The next stage of reforms was to be Biden’s infrastructure bill, which would rebuild and repair transport and telecommunication infrastructure through budget investments. Biden’s American Families Plan would improve the living conditions of millions of Americans. Biden’s voting rights bill would block the attempts of the Republican Party to restrict voting in many states, helping eliminate racial injustice. Biden’s plans were compared to Franklin D. Roosevelt’s New Deal and Lyndon Johnson’s Great Society.

Legislative Stalemate in Congress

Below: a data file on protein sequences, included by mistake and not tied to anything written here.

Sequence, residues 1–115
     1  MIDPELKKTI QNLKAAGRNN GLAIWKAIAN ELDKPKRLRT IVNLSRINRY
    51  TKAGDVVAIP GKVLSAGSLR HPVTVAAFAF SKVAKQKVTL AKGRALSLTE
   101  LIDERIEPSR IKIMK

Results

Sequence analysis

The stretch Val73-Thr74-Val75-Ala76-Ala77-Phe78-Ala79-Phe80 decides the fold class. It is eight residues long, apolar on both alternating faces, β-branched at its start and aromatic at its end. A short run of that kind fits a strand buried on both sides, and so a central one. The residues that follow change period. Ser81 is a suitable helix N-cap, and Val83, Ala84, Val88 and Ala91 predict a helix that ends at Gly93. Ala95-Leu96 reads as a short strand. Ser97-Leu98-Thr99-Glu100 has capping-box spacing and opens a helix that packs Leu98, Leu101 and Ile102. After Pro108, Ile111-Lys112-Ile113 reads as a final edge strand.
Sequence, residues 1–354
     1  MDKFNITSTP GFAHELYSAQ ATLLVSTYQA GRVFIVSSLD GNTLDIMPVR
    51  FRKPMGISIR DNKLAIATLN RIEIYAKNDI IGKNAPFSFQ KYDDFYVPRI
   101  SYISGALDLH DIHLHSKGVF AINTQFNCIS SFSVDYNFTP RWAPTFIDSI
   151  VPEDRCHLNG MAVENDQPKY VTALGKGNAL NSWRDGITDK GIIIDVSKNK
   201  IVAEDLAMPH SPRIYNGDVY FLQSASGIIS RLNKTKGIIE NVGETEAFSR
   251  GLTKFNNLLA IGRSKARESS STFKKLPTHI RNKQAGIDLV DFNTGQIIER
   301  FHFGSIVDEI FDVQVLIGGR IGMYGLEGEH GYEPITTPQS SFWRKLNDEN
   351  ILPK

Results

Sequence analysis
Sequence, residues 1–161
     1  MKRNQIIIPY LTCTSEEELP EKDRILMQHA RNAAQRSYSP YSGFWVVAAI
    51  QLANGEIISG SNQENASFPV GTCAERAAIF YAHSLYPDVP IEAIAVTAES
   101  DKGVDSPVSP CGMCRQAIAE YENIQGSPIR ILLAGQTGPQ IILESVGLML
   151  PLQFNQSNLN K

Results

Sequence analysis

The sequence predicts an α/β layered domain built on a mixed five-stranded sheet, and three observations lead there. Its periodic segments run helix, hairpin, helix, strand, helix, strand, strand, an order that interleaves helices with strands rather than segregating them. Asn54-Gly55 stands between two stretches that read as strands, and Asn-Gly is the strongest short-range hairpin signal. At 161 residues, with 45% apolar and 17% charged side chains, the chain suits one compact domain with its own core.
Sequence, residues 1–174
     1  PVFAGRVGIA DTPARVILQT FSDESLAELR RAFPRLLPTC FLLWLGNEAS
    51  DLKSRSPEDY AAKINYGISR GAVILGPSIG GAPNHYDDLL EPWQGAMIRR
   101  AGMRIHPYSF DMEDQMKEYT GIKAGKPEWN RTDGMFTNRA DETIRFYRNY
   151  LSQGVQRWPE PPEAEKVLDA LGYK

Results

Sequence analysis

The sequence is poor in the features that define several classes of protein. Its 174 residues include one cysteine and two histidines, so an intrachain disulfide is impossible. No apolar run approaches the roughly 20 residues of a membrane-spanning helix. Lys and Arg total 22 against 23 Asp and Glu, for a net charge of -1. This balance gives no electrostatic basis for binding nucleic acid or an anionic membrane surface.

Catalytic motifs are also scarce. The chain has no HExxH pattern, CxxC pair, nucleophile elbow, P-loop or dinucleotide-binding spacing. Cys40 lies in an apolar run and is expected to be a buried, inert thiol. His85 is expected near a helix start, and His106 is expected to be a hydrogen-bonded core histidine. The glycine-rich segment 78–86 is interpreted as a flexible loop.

It looks like Biden’s reforms will end with the plans, but no execution. The Infrastructure Investment and Jobs Act was passed with the support of some Republicans because it was not politically controversial. The Build Back Better Plan, however, may not pass Congress. The proposed plan calls for an extensive package of European-style social benefits, like paid parental and health leave (not guaranteed in the U.S.) and free college tuition, the introduction of which would reduce poverty and income inequality. Recently, the voting rights bill that would expand the voting possibilities for voters from racial minorities, and thus for an overwhelmingly Democratic electorate, also stalled.